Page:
The Mystery of the "Cloud Hole Punch"
The National Weather Service in San Antonio, TX went into meteorological investigation mode on Friday as several pictures/reports of strange clouds came rolling in. Using their meteorological expertise and aid of FlightAware.com, they were able to determine that an airplane at approximately 24,000ft was indeed the cause of the Hole Punch clouds over Central Texas/San Antonio. Good work @NWSSanAntonio !!
By Paul Douglas
We are strange, fickle creatures. How can 60F be a cold front in September but a wondrous warm front in mid-March? It's not rocket science, it's relativity. We are constantly comparing weather with what has come before, trying to make sense of today's snapshot of the atmosphere. Buffeted by forces beyond our control, one of the few effective coping skills we can employ is grim perspective. "Hey, this is highly unusual for mid-March!"
We have reliable weather records dating back 130 years; slightly sketchy pioneer data goes back to the 1830s. "Climatologists explain the impacts of climate so that society can plan its activities, design its buildings and infrastructure, and anticipate the effects of adverse conditions" says the National Drought Mitigation Center.
By any measure the next 36 hours will be highly unusual; nearly 30 degrees above average. If the sun stays out a strong south wind may transport the mercury close to 70F Sunday, again tomorrow before colder air plows southward. 40s and 50s return later this week; a cold rain Thursday, again Sunday.
What's on my mind? Spring break and drought. At some point this dry spell will break. Probably with a muddy splash.
SATURDAY NIGHT: High, thin clouds moving in. Nothing rough. Low: 39. Winds: W 5.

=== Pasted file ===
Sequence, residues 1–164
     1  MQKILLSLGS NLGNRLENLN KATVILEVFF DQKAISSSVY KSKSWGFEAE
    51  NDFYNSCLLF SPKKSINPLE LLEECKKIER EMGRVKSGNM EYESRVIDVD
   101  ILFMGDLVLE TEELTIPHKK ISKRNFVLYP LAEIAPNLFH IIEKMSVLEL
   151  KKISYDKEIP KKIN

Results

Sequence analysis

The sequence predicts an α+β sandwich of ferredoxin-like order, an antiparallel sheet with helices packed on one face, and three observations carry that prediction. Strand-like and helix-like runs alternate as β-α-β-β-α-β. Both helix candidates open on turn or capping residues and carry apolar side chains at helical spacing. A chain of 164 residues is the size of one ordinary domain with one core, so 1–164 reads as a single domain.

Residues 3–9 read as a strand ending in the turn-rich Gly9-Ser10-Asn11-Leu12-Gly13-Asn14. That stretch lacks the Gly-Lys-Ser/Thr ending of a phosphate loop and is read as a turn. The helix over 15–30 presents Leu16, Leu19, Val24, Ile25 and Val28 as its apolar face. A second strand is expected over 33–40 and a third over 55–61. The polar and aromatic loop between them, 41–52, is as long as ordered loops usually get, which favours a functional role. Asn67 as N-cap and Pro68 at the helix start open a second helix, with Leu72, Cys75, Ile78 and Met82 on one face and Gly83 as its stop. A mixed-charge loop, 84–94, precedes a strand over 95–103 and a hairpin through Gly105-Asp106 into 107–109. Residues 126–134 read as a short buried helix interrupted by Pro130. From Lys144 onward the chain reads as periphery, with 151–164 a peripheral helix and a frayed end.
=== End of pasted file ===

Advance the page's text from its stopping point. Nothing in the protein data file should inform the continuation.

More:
SUNDAY: Some sun. Breezy and mild. High: 70 (Record: 69F set in 1927). Winds: S 10-15
SUNDAY NIGHT: Mostly cloudy. Low: 47. Winds: W 5-10.
MONDAY: Mild start, then gusty and cooler with a slight rain chance. High: 59. Winds: N 10-15.
TUESDAY: Cool sunshine, winds ease.. Wake-up: 30. High: 46.
WEDNESDAY: Fading sun, milder than average. Wake-up: 26. High: 49.
THURSDAY: Cloudy with rain showers. Wake-up: 37. High: 43.
FRIDAY: Spring Begins! Partial clearing, drying out. Wake-up: 33. High: 49.
SATURDAY: Mostly cloudy, probably dry. Wake-up: 35. High: 43.
This Day in Weather History
1941: "Ides of March Blizzard." Winds reached hurricane force at Twin Cities. 32 people died.
Average High/Low for Minneapolis
Average High: 41F (Record: 69 set in 1927)
Average Low: 24F (Record: -7 set in 1897)
Sunrise/Sunset Times for Minneapolis
**NOTE** Sunrise/sunset times getting closer to 12hours apart. We are nearing the Vernal Equinox, which occurs this Friday, March 20th at 5:45pm CDT when the sun's most direct rays shine over the Equator.
Moon Phase for March 15th at Midnight
2.5 Days After Last Quarter
Minneapolis Temperature Trend
Looking out through nearly the end of March, Sunday appears to be the warmest day for a while! With that said, continue enjoying your weekend and make the most it. Get outside!!
Sunday Weather Outlook
Although Sunday will be quite breezy, you can't ask for much more in mid-March... Temperatures approaching 70F in the Twin Cities is more typical mid-May! The average high of 70F typically occurs on May 17th!
Sunday Weather Outlook
Sunday won't be quiet as sunny as Saturday way, but we will be a little warmer thanks to a stronger southerly breeze. Unfortunately, due to the lack of snow pack, how dry it has been and the warm, breezy weather, fire weather conditions will be ramping up once again across the southern part of the state. The images below show percent sky cover (left) and hazards (right) for Sunday.
Sunday Fire Weather Concerns
Warm, dry and windy weather on Sunday, areas shaded in red/orange will have the greatest threat for wildfires. Unfortunately, it appears that with the continuation of dry weather, fire weather concerns will continue into the future...
Midwest Precipitation Outlook
The precipitation outlook through PM Monday looks fairly minimal across the Upper Midwest. The best chance for any negligable precipitation looks to be right along the international border on Monday.
Soggy Saturday in Boston
This was the soggy view from 2150 Commonwealth Ave webcam from Boston College late Saturday afternoon. Note how there are water droplets on the lense and that the precipitation falling was NOT snow! Boston has seen 105.7" of snow this season and need only 2" more to beat the snowiest season in recorded history at 107.6" set in 1995-96. However, there's a little rain/snow in the forecast Sunday/Sunday night, though only minimal snow accumulations are expected.
National Weather Outlook